The number of sexual assaults on trains and Tubes reported to police has more than doubled since 2012, according to new figures.
In 2016-17 there were 1,448 reported offences on trains in England, Scotland and Wales and on the London Underground – a sharp rise from the 650 recorded in 2012-2013, the BBC reported. The British Transport Police (BTP) statistics, obtained by BBC Radio 5 live, also showed that most of the recorded assaults were on females aged 13 and over. However, they don't necessarily suggest that sexual assaults have become more common, with charities saying that they may show that victims have become more aware of how to report offences, which is to be celebrated.
The End Violence Against Women Coalition said it's important that such awareness-raising campaigns continue. "When the scale of sexual violence is better understood, police forces take it more seriously and measures can be taken to reduce the risks to women and tackle perpetrators, who for too long had been acting with impunity," said Rachel Krys, its co-director.
She added: "These figures showed that it is sober men, travelling to and from work who thought they were entitled to assault women passengers, and that they would get away with it," reported the BBC.
The figures come a year after research showed that most sexual assaults on the London Tube occur during rush hour in jam-packed trains, counteracting the belief that late-night drinking culture is to blame for such offences.
The BTP said the new statistics show that its 'Report it to stop it' campaign had been a success. It urges people to report behaviour "of a sexual nature, including rubbing, groping, masturbation, leering, sexual comments, indecent acts, or someone taking photos of you without your consent".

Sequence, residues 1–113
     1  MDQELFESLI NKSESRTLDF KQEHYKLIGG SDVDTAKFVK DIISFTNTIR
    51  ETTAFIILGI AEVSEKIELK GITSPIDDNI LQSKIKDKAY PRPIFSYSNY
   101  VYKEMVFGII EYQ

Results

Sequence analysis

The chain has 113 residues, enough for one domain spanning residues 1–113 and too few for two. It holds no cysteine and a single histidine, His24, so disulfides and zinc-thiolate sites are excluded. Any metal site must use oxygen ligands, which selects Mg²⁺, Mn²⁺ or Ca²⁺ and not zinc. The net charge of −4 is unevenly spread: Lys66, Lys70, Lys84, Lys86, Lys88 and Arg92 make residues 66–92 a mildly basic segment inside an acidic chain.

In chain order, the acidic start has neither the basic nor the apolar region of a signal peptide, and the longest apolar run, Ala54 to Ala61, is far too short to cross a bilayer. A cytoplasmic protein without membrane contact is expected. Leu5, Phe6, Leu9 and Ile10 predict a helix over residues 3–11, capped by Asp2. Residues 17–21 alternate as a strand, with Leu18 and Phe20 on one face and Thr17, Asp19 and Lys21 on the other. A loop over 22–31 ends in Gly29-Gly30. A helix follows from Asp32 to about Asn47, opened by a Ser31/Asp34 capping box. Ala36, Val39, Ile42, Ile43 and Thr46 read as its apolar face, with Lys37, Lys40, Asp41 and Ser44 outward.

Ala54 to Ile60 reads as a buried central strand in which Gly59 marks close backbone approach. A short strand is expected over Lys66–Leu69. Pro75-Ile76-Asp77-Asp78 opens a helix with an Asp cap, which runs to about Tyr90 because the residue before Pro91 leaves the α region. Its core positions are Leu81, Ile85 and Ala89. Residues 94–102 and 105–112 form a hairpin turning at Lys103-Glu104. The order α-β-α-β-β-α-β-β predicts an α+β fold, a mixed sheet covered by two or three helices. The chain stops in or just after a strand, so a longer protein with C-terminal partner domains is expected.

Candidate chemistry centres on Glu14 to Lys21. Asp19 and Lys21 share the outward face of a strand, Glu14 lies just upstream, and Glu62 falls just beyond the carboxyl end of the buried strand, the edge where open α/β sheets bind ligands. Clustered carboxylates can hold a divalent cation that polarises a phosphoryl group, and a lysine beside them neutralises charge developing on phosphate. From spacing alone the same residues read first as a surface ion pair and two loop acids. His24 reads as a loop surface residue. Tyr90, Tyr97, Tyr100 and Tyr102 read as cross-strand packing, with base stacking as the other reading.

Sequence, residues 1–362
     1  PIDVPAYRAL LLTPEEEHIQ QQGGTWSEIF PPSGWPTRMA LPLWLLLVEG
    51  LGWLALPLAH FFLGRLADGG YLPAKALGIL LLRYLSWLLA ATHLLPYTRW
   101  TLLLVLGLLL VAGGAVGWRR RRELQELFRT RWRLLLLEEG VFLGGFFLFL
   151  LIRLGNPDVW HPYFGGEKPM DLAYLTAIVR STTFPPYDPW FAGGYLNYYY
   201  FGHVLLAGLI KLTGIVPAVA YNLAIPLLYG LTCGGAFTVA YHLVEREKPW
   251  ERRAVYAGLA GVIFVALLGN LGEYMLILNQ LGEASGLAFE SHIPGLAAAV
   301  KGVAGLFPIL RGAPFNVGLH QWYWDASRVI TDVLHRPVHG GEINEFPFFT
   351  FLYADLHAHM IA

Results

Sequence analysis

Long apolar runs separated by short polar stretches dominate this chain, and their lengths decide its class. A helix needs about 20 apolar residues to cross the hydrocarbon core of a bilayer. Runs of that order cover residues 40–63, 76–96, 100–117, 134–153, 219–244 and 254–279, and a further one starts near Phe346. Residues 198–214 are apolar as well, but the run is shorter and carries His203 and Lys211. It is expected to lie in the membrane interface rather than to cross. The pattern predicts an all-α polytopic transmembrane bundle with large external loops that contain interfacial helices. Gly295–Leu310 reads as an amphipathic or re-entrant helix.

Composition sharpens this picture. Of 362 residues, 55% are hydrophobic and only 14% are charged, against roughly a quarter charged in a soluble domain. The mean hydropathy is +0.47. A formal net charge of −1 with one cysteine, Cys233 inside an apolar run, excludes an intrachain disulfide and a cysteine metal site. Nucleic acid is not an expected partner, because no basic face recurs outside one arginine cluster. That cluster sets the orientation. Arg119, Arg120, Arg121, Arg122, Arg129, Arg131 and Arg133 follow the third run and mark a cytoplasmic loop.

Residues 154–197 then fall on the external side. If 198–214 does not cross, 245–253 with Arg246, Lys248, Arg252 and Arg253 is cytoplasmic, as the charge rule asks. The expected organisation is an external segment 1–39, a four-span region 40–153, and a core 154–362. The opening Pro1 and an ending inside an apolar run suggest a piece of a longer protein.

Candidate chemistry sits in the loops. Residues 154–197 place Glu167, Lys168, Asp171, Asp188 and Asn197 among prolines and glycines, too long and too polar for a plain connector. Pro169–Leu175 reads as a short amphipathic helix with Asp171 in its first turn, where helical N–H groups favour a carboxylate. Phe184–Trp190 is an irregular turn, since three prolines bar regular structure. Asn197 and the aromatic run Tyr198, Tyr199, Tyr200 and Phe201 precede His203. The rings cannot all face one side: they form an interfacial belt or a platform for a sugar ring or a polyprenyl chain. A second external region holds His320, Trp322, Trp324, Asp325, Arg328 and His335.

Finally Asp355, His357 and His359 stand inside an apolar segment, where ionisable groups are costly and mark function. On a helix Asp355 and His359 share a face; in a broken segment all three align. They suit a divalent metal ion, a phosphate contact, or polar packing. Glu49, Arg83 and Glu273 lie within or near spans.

Detective Chief Inspector Darren Malpas, from the BTP, said "tackling all forms of unwanted sexual behaviour on public transport is a priority" for the force. "We have worked hard in recent years to send a clear message to victims that they will be taken seriously and we will investigate offences," he added.
Sadly, public transport seems to bring out the worst of human behaviour in other ways, too. Just this week a woman called out fellow passengers who forced her to stand while she breastfed her baby, watching porn on public transport is on the rise, and pregnant women still struggle to get a seat. What is it about trains and the London Underground that make them a hotbed of antisocial and downright unacceptable behaviour?
If you are a victim of a sexual offence on a train or the London Underground you can text the BTP in confidence on 61016.